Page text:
Poisoned – Arizona’s Fentanyl Crisis

Maria Manriquez

Maria Manriquez MD, FACOG FASAM

Maria Manriquez

When we talk about fentanyl, you’re often shown images of pills — that’s the street form of the drug that cartels started manufacturing. As a medicine, however, it largely comes in an IV. It’s a stark contrast between how the drug is being abused on the streets and how doctors depend on it to manage pain.

Dr. Maria Manriquez is an OB/GYN and addiction specialist for Banner University Medical Center, as well as a professor for the University of Arizona training the next class of doctors. In each role, she deals with fentanyl.

“In a hospital setting you use it for pain, analgesia,” she explains.

Like morphine, Dr. Manriquez says fentanyl is one of a few pain relievers that can be administered through an IV so, it’s a lifeline in the hospital. The dosing is nothing like what’s showing up in street pills.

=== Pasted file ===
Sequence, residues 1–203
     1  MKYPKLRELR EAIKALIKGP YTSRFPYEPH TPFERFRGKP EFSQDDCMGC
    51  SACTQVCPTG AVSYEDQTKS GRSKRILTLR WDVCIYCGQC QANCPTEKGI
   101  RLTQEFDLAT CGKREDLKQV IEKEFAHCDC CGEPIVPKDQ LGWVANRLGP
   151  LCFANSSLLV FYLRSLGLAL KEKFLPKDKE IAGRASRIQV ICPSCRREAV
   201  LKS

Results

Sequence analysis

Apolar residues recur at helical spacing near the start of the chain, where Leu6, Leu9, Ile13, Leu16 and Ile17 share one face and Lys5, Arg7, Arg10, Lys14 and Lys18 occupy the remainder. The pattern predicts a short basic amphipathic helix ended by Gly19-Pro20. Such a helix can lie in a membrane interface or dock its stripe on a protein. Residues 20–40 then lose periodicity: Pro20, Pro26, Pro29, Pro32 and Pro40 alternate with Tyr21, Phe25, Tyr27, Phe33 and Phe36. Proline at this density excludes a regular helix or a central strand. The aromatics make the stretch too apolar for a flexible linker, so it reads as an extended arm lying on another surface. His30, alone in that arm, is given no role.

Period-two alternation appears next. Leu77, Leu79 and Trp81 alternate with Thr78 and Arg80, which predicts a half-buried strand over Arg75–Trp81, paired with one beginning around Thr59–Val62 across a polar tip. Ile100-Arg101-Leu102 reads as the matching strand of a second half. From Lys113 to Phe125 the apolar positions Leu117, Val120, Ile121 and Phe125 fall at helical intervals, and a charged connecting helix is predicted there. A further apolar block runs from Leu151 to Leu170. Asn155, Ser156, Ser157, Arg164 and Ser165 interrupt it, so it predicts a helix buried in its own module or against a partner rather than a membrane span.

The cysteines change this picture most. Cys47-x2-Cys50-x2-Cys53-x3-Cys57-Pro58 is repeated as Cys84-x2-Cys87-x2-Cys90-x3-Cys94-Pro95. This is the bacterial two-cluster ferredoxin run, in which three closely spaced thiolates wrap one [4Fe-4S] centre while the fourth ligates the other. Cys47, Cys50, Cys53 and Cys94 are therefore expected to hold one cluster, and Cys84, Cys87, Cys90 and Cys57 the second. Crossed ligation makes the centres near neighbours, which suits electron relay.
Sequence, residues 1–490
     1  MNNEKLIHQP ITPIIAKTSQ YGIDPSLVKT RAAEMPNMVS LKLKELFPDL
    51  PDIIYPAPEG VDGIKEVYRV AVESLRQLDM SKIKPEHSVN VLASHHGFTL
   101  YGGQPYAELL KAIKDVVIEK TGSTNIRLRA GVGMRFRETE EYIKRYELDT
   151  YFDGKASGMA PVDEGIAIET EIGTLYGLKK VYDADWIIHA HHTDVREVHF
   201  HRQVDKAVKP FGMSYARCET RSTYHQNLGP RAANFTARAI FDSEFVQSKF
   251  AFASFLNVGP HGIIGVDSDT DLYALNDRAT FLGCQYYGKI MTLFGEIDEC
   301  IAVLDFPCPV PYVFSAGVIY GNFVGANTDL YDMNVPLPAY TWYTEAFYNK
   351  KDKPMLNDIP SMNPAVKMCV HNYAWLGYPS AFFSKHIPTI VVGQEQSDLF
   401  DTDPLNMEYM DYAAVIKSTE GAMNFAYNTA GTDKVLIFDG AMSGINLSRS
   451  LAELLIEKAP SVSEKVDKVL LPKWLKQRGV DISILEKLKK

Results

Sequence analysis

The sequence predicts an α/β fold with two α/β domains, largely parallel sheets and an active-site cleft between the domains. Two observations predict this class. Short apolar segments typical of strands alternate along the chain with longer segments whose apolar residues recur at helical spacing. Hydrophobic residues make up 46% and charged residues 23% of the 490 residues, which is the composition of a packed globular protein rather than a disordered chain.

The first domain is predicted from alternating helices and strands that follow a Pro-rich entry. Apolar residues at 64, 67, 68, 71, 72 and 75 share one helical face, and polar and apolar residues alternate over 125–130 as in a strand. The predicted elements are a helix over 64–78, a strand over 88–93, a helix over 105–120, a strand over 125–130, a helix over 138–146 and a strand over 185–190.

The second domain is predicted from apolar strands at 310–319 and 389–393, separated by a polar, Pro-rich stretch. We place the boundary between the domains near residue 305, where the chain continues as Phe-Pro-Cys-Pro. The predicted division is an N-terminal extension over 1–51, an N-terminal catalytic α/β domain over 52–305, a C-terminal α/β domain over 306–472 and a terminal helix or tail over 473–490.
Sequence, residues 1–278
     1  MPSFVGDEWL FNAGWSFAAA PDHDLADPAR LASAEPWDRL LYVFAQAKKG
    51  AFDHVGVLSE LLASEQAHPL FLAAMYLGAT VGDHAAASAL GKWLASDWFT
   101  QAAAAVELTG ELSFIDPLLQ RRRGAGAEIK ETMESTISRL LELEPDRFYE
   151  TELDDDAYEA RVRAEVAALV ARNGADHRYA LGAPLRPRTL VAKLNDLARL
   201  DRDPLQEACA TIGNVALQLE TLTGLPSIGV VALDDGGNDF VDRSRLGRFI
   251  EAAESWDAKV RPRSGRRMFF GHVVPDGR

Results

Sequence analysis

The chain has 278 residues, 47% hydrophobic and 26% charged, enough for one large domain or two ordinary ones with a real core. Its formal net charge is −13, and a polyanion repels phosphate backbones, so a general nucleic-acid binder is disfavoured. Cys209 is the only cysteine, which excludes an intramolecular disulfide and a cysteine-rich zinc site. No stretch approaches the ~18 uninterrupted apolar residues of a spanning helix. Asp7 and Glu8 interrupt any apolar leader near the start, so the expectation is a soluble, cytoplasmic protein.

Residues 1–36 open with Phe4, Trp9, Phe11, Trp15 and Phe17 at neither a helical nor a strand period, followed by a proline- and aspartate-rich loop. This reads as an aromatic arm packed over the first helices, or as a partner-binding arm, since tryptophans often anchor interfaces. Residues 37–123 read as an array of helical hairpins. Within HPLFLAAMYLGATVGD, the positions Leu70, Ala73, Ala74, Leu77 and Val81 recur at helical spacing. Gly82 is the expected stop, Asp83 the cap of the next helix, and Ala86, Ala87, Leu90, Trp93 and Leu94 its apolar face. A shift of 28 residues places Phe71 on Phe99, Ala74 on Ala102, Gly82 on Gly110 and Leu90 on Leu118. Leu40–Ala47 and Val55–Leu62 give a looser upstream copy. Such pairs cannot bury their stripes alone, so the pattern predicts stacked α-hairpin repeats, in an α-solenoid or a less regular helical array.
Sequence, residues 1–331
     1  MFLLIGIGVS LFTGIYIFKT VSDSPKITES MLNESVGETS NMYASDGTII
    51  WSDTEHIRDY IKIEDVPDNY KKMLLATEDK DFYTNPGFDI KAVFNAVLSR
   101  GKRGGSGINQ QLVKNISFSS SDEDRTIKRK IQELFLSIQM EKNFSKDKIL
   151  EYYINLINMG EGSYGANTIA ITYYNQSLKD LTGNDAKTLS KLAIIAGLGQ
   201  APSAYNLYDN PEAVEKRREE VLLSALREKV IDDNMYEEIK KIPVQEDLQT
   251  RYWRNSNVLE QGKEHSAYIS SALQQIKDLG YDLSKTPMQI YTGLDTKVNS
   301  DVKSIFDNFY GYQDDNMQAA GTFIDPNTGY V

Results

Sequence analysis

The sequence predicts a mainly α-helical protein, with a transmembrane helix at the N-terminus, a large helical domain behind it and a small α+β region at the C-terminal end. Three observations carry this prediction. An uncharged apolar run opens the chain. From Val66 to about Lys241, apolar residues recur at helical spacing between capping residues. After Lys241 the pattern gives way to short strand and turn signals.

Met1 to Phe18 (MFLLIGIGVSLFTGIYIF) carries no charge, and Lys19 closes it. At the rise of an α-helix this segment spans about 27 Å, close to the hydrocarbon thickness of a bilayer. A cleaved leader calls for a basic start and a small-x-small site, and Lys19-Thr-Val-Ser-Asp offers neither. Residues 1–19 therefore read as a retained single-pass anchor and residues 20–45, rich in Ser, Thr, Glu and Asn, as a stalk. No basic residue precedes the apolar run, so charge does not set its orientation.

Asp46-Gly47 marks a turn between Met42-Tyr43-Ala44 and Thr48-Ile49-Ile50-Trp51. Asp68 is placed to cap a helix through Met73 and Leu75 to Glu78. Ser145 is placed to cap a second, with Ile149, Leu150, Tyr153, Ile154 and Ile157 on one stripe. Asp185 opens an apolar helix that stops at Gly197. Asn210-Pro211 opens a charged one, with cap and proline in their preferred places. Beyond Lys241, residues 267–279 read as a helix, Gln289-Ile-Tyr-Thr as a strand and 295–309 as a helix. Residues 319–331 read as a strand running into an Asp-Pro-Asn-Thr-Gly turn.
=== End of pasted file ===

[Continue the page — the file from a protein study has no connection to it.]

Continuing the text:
“It’s very regulated and we know exactly what we’re giving — it’s not even comparable,” said Dr. Manriquez.

Fentanyl is used during surgery to sedate patients and suppress pain. It’s also used to manage pain for cancer patients, particularly when they’ve already built up a tolerance to other opioids. During labor, she says it’s not uncommon for new moms who need some relief from the contraction pain but don’t want or aren’t ready for an epidural to be given fentanyl through an IV. It works quickly and lasts about an hour. It also typically carries a different name, so most patients don’t realize fentanyl is ultimately what they’re getting.

“But, no one gets fentanyl going home, they get something else like oxycodone or hydrocodone.”

She says handling opioids is now a deliberate part of the training for her medical residents. The Arizona Opioid Epidemic Act of 2018 also put limitations on how many days of pills they can prescribe for patients.

“Each and every one of them is getting a full curriculum to have a good knowledge of what they’re prescribing and what the consequences are,” Dr. Manriquez says, paying particular attention to the consequences, like addiction, and how to help patients recover is also an important part of her teachings.

“Providing that non-stigma, compassionate care, which is really important in a person’s recovery.”